camera totally useless in dark tell me something new

wuyanks

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i did a test during the snowstorm and posted the pics... i did a day/night comparison, and found the same problems as the rest of you. i heard if you change the focus setting to "infinity", it works better, but i haven't tried
 
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angelman

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I do wonder if here is a bug at least in some cameras. the. fact that I can fool the camera into exposing correctly by pointing at a bright light source and then moving it back indicates enough light is getting to the sensor. there is just no way I can take any photo in anything but perfect regardless of the setting and the fact hat nightingale mode does nothing, I would expect it to slow shutter speed down, indicates there is just a bug in the software. maybe that doesn't affect all cameras hence some people Sagittarius they an get good images in dark lighting
 

Bostonsfavson

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my wife's cousin was over for christmas eve with his new eris. he took a couple of pics that simply looked great. I didn't dare try to take any with my droid. 'nuff said.

Agree! My girlfriend's Eris takes very nice pictures. My Droid? Not so much. I snap pics quite a bit, and even with 3rd party apps the quality is very low. Hopefully 2.1 improves the camera, or someone comes out with an app that fundamentally improves the camera (not sure that's even possible, though).
 

Martin030908

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Common problem most people don't think of is this... the fact that the Droid camera is a little slow gives a larger window of error for people to 'move' the camera while the photo is being taken.
 

magdream

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I'm sure that's a factor, but even when the pic is in focus it's still dull and grainy. Outdoor shots look fine and video even better.
 

magdream

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Btw, my flash is no longer working. I think it has something to do with the mototorch app I downloaded. No biggie since the flash was useless. I'd rather use it as a flashlight anyway. Otherwise I'm loving the droid.
 

NPC

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It sucks big time. In rooms that are not that well lit, i see nothing but darkness on screen. I can't even see the picture i am about to take.

And just how do you propose they add light to a scene that doesn't have sufficient light to illuminate the scene on the screen? Until the flash fires, in a dark location, the screen can only show what it sees. That is true of any camera.

The issue is that the screen goes dark if the room or subject is not brightly lit. You can't see what you are trying to take a picture of on the screen. The room definitely has enough light for this. Something is wrong with the camera. My wife has an Eris and the screen on the Eris is very bright, while the Motorola Droid screen is dark. I should try and take a picture of the two screens side by side and upload them.

I'm considering trading the phone in for an Eris. I've only had it for a week, but this flaw in the camera is really bad.
 
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angelman

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There is definately a problem with the camera in this regard. I am not talking about how incredibly slow it is, nor grainy images etc. all of these are to be expected with a phone camera (well maybe not the slowness but certainly grainy images in poorly lit scenes), I am talking about flaw in the way the camera is exposing images with high contrast. If you have a darkly lit room with some bright areas it seems to exposure for the bright areas of light not the dark. It is definately capable of exposing for the dark areas but it does not.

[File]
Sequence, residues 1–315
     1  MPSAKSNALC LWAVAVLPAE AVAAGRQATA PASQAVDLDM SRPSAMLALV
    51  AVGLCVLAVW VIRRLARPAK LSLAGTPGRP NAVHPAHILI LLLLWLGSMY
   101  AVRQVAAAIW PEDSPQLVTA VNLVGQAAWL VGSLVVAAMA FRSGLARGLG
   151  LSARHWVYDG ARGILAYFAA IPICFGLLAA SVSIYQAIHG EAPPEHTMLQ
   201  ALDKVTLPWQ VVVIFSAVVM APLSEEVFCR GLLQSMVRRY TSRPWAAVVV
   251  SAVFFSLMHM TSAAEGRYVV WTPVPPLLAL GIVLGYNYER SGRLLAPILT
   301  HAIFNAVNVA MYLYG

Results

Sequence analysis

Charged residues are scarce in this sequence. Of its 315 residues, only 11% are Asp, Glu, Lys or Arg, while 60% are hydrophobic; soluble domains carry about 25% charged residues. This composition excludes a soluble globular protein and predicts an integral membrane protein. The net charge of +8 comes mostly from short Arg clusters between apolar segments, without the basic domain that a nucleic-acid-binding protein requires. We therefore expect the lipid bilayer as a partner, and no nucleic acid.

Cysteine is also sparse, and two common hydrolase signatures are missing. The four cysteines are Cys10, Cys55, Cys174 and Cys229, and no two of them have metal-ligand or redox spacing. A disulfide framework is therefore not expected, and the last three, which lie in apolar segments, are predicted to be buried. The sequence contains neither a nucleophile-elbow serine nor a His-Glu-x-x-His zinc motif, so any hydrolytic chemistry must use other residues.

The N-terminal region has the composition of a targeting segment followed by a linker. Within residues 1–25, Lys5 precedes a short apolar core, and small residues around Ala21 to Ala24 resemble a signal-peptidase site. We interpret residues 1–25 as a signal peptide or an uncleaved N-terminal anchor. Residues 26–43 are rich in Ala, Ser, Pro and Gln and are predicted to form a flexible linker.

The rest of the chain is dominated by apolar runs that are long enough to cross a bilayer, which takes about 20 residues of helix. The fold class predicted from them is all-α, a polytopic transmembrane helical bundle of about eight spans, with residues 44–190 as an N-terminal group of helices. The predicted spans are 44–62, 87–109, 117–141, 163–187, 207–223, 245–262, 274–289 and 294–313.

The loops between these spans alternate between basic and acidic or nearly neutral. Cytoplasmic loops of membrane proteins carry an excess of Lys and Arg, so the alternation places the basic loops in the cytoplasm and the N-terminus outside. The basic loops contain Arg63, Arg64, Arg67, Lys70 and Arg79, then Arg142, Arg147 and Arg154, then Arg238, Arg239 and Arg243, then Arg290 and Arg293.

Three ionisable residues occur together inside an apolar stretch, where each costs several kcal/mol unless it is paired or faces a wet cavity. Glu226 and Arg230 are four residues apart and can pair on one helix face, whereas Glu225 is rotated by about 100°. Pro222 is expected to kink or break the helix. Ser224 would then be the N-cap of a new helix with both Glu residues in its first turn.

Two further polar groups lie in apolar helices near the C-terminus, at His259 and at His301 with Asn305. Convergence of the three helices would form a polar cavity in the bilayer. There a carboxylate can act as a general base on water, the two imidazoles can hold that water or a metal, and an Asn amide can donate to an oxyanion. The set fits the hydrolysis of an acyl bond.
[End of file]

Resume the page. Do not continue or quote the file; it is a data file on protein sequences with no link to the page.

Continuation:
Has anyone tried bringing this up in a motorola tech forum?
I assume this is a motorola problem not an android one since the same camera software appears to work fine in other android phones. I can't believe they havent looked at fixing this. Can Motorola send an OTA update to fix the camera libraries. I imagine Motorola provides some sort of library for it's camera which Android references. If this library has bugs in the exposure then no changes to android unless they are Droid specific will do much.. or am I talking utter nonsense?


It sucks big time. In rooms that are not that well lit, i see nothing but darkness on screen. I can't even see the picture i am about to take.

And just how do you propose they add light to a scene that doesn't have sufficient light to illuminate the scene on the screen? Until the flash fires, in a dark location, the screen can only show what it sees. That is true of any camera.

The issue is that the screen goes dark if the room or subject is not brightly lit. You can't see what you are trying to take a picture of on the screen. The room definitely has enough light for this. Something is wrong with the camera. My wife has an Eris and the screen on the Eris is very bright, while the Motorola Droid screen is dark. I should try and take a picture of the two screens side by side and upload them.

I'm considering trading the phone in for an Eris. I've only had it for a week, but this flaw in the camera is really bad.
 
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angelman

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It's definitely an exposure issue. I just took some video of my office. I point the camera to the dim but evenly illuminated wall and you can see it open up the shutter to exposure that correctly. Then moving the camera to point at the unlit with just a christmas tree (and lights on it) you can see the image get much darker as it is trying to exposure for the christmas lights rather than the surrounding area. I think the problem is that since the surrounding area is quite dark it is below a threshold and so it just assumes it's black and thus not worth trying to expose for. Moving the camera back to the wall the image is dark (from the exposure for the christmas tree) before quickly getting brigher as it readjusts the exposure for the wall. This surely is a software problem. Either the exposure is not being calculated correctly or there is some sort of brightness threshold that is too aggressive